What a wonderful week it has been! So many great things have happened, not only with writing but also in everyday life.
For a start, we got some more snow, which is always nice for an Aussie who hadn’t snow falling until recently. I also walked on a frozen lake! I won’t lie, I almost needed new pants after that experience and was so scared the entire time, but I’m glad I did it. The kids didn’t care, they ran out following their father, walking where he walked just like he told them to do. Me…. I was panicking the entire time and my husband thought I was joking. It wasn’t until we were back on actual land that he realised that I was actually scared and not having a joke. Perhaps it was the look of instant relief that made him realise. You see in the movies it always goes like this: person walks on ice, person feels ice cracking beneath feet, person cannot get to shore in time, falling into the icy water and getting trapped or dying of hypothermia. Apparently though, that’s not how it goes in real life. Those who grew up around snow and ice, have some kind of sixth sense or something, they know when it is safe to walk on the ice and where to walk on it and they also know that there are plenty of signs before the ice breaks, giving you time to get back to land before falling to your watery, icy death. How was I supposed to know this though? I am the Aussie who went on a snow trip as five year old, saw some snow, but never falling snow. I am the one who has trouble walking on snow unless it is freshly fallen, the one who is struggling not to slip on their arse while the husband and kids just walk on like normal.
Now that I’m sure all of the experience snow lovers are laughing at me, let’s get onto the topic of today’s post and the reason why I’ve used the word “gestation” to describe the development of a novel. If you follow me on Facebook or Twitter, you might have seen this:
Yes, that’s right! For one whole month, I kicked procrastination in the butt and stuck to my word-count goal! I know what you’re thinking, it was only for one month, no big deal, but for me, someone who always finds an excuse, it was a pretty big deal. I met the word count, plus a little extra, as well as did some research and brainstorming for later parts in the story.
I went to bed that night (well morning actually, it was 2 a.m.) feeling a huge sense of accomplishment but realising how much further I still had to go. If I am to get my first draft written in the time frame I am hoping for, I have another 9 months that I need to stick to my word-count goal. I joked with myself, thinking that’s how long it takes for a baby to be born, then it dawned on me… writing a novel is sort of a bit like a pregnancy. You spend the first part hoping you’re doing everything right, but not knowing what it’s going to end up like on the other side. The first draft is the gestation period- the pregnancy. At the end of that, it’s like you have a new born and what do newborns do? Eat, sleep and poop, that’s basically it. What do you do with your first draft? You let it sleep for a while, you realise that,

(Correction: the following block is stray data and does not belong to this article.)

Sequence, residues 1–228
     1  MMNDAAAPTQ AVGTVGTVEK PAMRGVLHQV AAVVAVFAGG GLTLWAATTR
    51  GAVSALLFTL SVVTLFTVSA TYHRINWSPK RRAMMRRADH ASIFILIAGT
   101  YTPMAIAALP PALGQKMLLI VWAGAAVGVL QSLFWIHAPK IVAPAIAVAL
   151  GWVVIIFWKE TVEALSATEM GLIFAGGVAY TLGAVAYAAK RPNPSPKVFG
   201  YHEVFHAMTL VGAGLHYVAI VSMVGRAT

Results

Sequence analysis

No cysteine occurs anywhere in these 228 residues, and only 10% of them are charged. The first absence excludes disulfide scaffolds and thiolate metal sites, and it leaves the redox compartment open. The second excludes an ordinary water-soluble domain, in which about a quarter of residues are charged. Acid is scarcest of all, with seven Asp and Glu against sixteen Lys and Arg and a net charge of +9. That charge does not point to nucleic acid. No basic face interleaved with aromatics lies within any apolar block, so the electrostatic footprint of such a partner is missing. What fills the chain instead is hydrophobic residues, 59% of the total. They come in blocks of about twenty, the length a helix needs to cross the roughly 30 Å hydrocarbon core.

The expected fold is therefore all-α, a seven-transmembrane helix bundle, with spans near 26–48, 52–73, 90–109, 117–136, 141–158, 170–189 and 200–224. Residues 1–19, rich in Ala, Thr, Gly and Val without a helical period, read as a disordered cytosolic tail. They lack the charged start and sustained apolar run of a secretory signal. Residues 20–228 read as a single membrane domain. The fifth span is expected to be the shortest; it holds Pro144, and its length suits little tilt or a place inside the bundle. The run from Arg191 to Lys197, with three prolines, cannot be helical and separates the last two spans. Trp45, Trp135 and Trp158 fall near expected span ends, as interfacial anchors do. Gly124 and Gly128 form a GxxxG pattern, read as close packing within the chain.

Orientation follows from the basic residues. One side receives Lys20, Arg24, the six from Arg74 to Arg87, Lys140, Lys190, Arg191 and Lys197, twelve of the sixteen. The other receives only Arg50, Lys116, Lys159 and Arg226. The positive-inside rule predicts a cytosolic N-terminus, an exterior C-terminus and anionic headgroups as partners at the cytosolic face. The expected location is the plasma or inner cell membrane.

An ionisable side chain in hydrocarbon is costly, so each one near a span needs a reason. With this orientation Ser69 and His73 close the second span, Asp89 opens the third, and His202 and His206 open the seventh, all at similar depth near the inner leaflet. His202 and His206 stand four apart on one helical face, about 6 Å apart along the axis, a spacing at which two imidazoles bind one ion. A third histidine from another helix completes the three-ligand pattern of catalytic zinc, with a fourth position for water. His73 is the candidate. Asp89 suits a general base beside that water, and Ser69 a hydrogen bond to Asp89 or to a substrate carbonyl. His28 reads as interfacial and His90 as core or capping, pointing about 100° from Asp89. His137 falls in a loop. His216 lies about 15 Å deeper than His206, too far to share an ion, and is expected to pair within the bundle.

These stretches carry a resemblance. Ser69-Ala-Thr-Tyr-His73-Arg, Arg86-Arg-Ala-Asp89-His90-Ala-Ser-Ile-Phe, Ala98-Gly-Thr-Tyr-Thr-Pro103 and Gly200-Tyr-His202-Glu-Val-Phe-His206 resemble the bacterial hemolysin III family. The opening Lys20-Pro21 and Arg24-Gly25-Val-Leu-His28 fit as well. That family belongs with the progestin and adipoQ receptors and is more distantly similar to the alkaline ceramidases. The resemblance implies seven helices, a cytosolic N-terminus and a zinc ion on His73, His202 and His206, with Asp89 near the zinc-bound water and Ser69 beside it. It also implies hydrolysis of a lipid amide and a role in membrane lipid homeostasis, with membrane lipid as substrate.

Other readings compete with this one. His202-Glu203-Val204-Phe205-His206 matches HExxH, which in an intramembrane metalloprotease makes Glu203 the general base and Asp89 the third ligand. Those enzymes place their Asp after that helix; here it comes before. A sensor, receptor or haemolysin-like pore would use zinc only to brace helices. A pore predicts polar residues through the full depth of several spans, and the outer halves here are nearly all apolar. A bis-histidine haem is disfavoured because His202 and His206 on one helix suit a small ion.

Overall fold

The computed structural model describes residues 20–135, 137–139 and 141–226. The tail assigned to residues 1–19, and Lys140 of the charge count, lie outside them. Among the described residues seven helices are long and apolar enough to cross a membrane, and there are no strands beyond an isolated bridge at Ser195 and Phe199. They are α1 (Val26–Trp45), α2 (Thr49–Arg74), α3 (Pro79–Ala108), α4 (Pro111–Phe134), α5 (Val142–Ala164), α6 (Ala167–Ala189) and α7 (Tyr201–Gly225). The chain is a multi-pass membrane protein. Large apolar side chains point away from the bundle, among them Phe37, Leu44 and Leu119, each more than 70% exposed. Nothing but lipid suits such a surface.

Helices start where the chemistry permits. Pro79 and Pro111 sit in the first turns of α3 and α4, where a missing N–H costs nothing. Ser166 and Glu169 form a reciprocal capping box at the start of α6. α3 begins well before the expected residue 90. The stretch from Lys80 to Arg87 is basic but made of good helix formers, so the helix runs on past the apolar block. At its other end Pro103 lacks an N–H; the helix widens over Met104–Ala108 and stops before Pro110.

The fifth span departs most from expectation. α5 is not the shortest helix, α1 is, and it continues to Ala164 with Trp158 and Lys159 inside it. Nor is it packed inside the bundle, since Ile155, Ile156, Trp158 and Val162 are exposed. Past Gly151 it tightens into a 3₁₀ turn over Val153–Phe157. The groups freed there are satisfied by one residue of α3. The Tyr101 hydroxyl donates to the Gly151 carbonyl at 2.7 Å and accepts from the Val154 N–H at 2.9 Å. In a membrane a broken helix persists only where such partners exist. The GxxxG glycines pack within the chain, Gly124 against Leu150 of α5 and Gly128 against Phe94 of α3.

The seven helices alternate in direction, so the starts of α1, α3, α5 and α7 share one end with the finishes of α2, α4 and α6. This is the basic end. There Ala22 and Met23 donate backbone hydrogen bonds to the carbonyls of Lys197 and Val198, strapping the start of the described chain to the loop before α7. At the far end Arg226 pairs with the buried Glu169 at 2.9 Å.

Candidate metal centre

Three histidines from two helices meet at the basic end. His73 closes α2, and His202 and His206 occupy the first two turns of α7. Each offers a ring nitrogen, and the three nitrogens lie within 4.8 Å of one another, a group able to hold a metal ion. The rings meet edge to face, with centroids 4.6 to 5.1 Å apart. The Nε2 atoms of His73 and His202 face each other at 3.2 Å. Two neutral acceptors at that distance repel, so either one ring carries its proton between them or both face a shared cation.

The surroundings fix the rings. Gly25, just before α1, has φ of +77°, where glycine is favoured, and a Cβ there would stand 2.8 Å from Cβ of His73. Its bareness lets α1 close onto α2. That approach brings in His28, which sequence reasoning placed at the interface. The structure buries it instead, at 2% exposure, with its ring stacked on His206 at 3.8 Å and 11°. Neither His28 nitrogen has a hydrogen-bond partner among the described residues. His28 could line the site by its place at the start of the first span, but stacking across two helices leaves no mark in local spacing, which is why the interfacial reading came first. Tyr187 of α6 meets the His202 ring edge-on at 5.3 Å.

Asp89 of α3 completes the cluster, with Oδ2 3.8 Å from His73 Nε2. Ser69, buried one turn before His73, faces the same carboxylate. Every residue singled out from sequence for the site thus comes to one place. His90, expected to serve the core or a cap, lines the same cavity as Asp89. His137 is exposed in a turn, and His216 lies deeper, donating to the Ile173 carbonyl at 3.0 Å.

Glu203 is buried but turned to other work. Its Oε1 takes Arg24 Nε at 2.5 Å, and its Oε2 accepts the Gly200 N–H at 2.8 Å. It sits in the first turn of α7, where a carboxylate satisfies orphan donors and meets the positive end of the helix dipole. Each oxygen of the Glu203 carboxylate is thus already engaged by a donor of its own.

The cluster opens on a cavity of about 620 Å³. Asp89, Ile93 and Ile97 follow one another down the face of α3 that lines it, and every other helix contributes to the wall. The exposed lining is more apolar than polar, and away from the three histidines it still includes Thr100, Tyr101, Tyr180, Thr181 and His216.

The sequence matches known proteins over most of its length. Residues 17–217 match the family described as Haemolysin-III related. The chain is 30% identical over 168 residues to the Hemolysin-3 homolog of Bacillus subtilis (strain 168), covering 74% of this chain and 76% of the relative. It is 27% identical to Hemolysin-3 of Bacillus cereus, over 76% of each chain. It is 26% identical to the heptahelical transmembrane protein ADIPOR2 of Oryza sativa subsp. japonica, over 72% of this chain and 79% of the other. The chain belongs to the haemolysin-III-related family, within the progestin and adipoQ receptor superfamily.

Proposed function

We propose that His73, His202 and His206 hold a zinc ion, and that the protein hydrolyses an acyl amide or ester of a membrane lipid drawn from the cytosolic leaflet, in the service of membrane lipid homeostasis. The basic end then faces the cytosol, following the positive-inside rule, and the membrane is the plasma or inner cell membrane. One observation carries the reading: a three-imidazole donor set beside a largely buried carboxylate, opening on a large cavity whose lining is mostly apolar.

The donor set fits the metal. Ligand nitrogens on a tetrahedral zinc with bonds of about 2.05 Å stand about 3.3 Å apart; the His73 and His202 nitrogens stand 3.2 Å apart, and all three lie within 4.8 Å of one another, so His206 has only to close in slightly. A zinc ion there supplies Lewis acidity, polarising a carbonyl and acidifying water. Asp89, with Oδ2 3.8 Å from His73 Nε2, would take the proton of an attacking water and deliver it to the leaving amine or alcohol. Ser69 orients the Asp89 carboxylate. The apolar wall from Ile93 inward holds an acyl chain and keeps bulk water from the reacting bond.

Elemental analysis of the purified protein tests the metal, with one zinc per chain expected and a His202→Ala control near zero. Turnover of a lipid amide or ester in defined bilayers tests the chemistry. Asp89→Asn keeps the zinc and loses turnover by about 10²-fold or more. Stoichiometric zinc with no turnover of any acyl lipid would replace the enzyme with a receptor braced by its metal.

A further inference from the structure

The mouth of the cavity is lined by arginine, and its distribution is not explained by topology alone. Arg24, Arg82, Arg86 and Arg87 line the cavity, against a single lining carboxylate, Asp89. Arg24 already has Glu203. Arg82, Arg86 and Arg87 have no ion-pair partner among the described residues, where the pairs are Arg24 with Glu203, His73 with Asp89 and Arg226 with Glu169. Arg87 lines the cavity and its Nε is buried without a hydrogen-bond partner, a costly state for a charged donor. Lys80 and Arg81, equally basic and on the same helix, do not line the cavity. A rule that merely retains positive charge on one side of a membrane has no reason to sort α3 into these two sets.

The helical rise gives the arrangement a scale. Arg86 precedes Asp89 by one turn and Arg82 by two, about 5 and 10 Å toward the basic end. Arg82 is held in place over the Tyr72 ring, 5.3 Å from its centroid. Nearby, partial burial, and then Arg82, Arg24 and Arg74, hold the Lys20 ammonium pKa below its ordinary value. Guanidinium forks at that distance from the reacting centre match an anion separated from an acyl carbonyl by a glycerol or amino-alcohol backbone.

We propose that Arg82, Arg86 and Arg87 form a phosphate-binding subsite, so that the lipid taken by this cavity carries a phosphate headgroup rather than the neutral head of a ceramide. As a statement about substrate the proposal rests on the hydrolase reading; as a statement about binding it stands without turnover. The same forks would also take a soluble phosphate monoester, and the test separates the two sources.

“The first draft of anything is shit.”
Now before you get all up-in-arms and think I’m some sort of baby hater (I have three children, if I really hated babies, something went wrong there), I’m not saying that babies are shit, I’m saying that’s what comes out of them and more often than not, that’s what your first draft will be. Then you begin to edit – a lot, rewrite and edit a few more times – this is the “eating” I guess. You edit and rewrite and edit some more, bringing your story out of its infancy and helping it to grow.
My focus at this point is the gestation of the novel, to get out that first draft no matter how rubbish it might be. I’m not concerning myself with perfecting the grammar and punctuation, because not only will that take time and cause me to lose my momentum in telling the story, but that’s what editing is for! Not so long ago, I used to edit as I wrote. I would reread a chapter as I finished it and edit it before I went onto to next. By the time I got to actually writing the next chapter, what I wanted to write was lost and I forgot where I was heading.
“It’s none of their business that you have to learn how to write. Let them think you were born that way.” -Ernest Hemingway
I have learnt a lot about myself and my writing in the last few years, I have began to learn what works for me and what doesn’t, but I still have a lot more to learn. So for now, let’s focus on telling the story, getting it out and letting it be born. Then later I suppose I’ll worry about the rest when it’s time.
So to my fellow writers, keep writing and to book lovers, keep reading. For the world is full of great stories, stories that take you to different worlds,places and times. Some are already written and some still waiting to be born.
Read on below for a little sneak peek of József trying to prove himself to Anna.
“You see, I shared with you my hopes and dreams. I’ve never shared those dreams with anyone, not even Apa. I was afraid you see. Afraid that people would laugh or think it was silly, afraid that they would tell me to be realistic. But you didn’t laugh or tell me I was silly or tell me to be realistic. Instead, you asked if you could be a part of my dream, you asked if it could be our dream, our American dream, dreams of hope and perhaps one day, dreams of love. Maybe one day it won’t be just a dream and if that day ever comes, I want to make sure that you will be there to share that dream, together, the two of us.” -József
An excerpt from An Anguished Heart by Katherine A. Kovàcs
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